Noem My Skollie / Call Me Thief (2016, South Africa)
A young kid with a bit of potential but a tough upbringing starts up a criminal gang with three of his mates. Much later, in his late teenage years, he (with another of his gang) is caught red-handed inside a shop they are burgling; he gets two years in prison, plus six cuts with a heavy cane. He survives by reading and writing letters and telling stories. His mate is not so lucky; he is repeatedly raped and becomes a gang leader’s wyfie (woman). After his release the young man’s fortuitous pursuit of a romantic interest narrowly saves him from joining his other three gang members in a criminal exploit that goes horribly wrong. The others nonetheless elect him as the fall guy, but once the trial begins they belatedly, and ruefully, admit that he wasn’t there. They hang. He doesn’t. It’s a story that takes almost 2½ hours to tell.
In the final credits it is noted that the screenwriter, John W Fredericks, who also happens to be the man on whose life the film is based, still types, in his 70s, with one finger. On that basis, you’d think, the screenplay must have taken him a very long time to write. And, on that basis alone, he could have been well advised to find plenty of scenes to cut.
“Watch yourself. You have a calling,” Abraham’s God-fearing mother tells him when he is just a boy. But he gets seduced by the easy money, by the easy access to ganja, by the bond between and the loyalty of his fellow gang members, by the opportunity to break away from a life of poverty, and by the desire to avoid being an easy victim of other gangs. His calling becomes to lead a gang, and the failure of two of his men to sound the alarm leads him to prison.
Upon his arrival there, Abraham Lonzi, or ‘AB’ (played as an adult by Dann-Jaques Mouton) and Richard ‘Gimba’ Carelse (Gantane Kusch), the son of a moderately successful ganja dealer known as ‘Mr C’, are immediately appraised by the Numbers gang – the ruthless South African prison gangs broken into the 28s (generally the ruling party which specialises in rape and sodomy), the 27s (the enforcers and killers) and the 26s (the money makers). There is safety, of sorts, in joining a gang, but an ever-present risk from opposing gang members. There is no safety outside the gangs.
Gums (David Manuel) is the leader of the 28s and the king of the dormitory. He tests out the two newcomers. AB declines to play ball. Gums is not pleased. It beomes a little tense. Gimba is not so strong, and acquiesces, so Gums rapes him, and later tries to rape AB as well, but AB resists his advances, placing himself on even thinner ice. Luckily, AB gets some support from (old) Timer (Peter Butler), one of the 26s, and the 27s; if he tells stories to the satisfaction of the bored group, he might be left alone, and not be required to take a Number. The bored group is surprisingly easily entranced and entertained, and he survives.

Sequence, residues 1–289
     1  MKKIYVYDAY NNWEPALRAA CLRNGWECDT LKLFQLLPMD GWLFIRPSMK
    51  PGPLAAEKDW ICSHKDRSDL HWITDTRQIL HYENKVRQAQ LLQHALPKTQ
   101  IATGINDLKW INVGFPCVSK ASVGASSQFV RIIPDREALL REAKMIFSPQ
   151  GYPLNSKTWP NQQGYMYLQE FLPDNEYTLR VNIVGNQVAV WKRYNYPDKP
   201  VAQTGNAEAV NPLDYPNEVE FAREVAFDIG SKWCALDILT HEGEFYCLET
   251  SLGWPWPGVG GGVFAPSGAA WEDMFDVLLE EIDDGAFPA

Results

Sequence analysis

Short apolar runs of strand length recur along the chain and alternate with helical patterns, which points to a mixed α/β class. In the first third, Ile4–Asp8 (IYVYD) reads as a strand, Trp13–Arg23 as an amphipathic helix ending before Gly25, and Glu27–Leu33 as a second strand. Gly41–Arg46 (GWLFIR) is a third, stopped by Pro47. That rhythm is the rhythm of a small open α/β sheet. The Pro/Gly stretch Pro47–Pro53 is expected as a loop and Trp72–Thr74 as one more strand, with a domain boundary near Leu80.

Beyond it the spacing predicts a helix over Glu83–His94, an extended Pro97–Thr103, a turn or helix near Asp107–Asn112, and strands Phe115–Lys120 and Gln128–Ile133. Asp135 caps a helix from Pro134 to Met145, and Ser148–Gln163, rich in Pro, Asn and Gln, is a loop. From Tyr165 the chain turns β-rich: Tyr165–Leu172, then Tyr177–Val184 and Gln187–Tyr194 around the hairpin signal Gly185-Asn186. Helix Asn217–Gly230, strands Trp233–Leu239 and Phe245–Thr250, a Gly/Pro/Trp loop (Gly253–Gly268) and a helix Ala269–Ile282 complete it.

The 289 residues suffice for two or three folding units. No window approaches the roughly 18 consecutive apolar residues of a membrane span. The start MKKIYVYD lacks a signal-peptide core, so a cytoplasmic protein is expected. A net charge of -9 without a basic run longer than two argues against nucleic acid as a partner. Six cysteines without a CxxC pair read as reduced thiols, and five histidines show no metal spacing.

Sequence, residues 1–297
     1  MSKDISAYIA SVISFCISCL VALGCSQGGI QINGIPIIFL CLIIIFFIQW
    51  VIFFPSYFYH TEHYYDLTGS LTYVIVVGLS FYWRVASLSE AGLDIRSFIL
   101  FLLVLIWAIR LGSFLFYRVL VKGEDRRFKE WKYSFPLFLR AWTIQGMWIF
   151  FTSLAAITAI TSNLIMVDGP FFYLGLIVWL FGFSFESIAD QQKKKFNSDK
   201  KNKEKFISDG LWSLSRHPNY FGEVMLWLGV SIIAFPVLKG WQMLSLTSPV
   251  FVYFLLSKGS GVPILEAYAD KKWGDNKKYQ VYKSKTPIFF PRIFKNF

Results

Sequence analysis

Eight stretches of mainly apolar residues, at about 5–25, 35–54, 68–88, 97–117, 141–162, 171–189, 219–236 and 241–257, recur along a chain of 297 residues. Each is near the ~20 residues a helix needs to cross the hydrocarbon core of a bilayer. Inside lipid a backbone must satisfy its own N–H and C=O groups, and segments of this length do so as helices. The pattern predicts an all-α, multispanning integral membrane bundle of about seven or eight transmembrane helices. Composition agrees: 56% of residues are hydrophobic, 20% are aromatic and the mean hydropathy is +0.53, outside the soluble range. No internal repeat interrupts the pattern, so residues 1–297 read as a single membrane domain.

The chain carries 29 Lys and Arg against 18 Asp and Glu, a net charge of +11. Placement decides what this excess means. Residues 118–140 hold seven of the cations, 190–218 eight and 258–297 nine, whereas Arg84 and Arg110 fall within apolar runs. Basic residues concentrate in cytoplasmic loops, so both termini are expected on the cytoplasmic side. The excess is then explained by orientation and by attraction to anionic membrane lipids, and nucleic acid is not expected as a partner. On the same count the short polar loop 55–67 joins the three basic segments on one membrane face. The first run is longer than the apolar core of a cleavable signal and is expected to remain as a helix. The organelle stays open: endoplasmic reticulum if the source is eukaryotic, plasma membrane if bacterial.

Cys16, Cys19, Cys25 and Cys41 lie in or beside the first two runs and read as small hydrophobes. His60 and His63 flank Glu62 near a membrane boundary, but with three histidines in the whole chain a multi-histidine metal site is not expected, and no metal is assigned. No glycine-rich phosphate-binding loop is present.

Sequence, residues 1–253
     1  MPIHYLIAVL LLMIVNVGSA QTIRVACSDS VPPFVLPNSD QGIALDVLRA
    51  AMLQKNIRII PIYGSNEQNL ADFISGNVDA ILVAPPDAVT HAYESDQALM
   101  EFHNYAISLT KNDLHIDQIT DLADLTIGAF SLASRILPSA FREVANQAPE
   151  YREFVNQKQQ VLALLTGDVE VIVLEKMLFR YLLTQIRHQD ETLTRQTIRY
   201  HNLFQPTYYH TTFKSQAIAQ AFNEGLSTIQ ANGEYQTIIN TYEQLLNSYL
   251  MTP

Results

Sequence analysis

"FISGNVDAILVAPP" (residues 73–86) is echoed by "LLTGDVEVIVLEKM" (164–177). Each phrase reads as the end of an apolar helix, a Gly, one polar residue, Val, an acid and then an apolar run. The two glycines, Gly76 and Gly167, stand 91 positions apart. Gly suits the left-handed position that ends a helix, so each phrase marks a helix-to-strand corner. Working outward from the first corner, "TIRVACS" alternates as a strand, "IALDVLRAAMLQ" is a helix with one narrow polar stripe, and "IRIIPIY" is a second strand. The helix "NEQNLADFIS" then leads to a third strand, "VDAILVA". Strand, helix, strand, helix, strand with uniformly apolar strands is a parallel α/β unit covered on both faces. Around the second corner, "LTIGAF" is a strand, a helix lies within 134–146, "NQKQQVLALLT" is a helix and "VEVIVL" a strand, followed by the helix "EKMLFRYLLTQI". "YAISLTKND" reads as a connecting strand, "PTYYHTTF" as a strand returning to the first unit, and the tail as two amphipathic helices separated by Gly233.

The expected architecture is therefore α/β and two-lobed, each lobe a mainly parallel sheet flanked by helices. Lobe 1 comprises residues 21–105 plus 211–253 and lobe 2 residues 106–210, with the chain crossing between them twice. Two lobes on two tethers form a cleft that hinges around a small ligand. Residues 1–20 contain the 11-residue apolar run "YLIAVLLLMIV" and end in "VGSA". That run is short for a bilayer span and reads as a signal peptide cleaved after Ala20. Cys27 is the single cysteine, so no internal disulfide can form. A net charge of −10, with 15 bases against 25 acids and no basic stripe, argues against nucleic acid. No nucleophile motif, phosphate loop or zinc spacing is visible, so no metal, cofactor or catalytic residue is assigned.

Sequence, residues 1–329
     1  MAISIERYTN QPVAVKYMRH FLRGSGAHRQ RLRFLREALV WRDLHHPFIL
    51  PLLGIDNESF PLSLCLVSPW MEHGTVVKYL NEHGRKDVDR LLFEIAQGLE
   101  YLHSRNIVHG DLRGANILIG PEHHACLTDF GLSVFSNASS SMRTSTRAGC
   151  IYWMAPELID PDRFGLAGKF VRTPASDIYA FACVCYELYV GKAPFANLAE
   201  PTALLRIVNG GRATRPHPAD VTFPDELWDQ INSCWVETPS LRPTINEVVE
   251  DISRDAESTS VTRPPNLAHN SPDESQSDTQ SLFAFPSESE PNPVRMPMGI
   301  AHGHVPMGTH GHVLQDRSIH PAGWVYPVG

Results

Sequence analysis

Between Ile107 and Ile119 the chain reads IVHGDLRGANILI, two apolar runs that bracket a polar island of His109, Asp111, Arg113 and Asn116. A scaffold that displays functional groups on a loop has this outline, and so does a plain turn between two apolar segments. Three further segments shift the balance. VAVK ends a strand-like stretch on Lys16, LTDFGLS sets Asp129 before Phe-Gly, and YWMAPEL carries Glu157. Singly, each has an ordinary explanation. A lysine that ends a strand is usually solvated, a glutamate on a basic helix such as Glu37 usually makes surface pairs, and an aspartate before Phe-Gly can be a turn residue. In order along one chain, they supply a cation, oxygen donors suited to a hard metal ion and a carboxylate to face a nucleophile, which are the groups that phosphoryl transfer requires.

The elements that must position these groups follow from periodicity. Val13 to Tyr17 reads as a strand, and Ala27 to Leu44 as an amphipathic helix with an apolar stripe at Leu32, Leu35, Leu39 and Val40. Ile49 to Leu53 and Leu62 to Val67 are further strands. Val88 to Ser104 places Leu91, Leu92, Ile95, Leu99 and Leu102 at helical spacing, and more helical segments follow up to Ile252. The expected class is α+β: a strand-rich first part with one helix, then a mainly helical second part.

Two years on, when AB and Gimba get out, things can’t be the same. They had little to do with each other in prison, and AB remains scornful of Gimba’s weakness and his meek submission as Gums’ wyfie. Gimba is indignant, protesting that he sacrificially allowed himself to be used by Gums solely to protect AB. It is arguably the most interesting moment of the film, but is quickly passed over. Instead, Fredericks prefers that we join with AB as he wrestles with, on one hand, resuming his interrupted criminal career and gang warfare, and on the other, fulfilling his potential and pursuing a relationship with a beautiful friend of his sister’s, Jenny (Tarryn Wyngaard), in defence of whom he had once stabbed a man in the head.
It is ultimately, I think, a disappointing film. Fredericks is at pains to give us a well-rounded picture of his early life and his post-prison grapplings – but, regrettably, he did not strike me as the most interesting or compelling character in the story. That honour, if that’s what it can be called, is Gums, propped up by and the embodiment of the real-life Numbers gang system – an intriguing, unfathomable, fearsome entity backed by a dark and complex tradition. While AB tells his stories in order to survive, that dark beast lurking within the same dormitory is paid almost casual attention; we see its impact on just AB and Gimba, but not on every facet of the other prisoners’ lives as well. Lost promise abounds, and it’s a shame. And maybe a little indulgent.
As the credits start to roll there is, however, one final poignant and sobering moment; the dedication of the film to Fredericks’ son, who was murdered on his father’s birthday in 2012. It doesn’t say why he was murdered, but one is left with the decidedly uneasy feeling that violence, gangs and intergenerational murkiness still reign in his father’s neighbourhood, and in the old man’s law-abiding life. Sad.
And huge, huge thanks to Tracy and Brenda who hunted this down on safari…
Posted on November 16th, 2017 at 9:22 pm. Updated on November 16th, 2017 at 9:22 pm.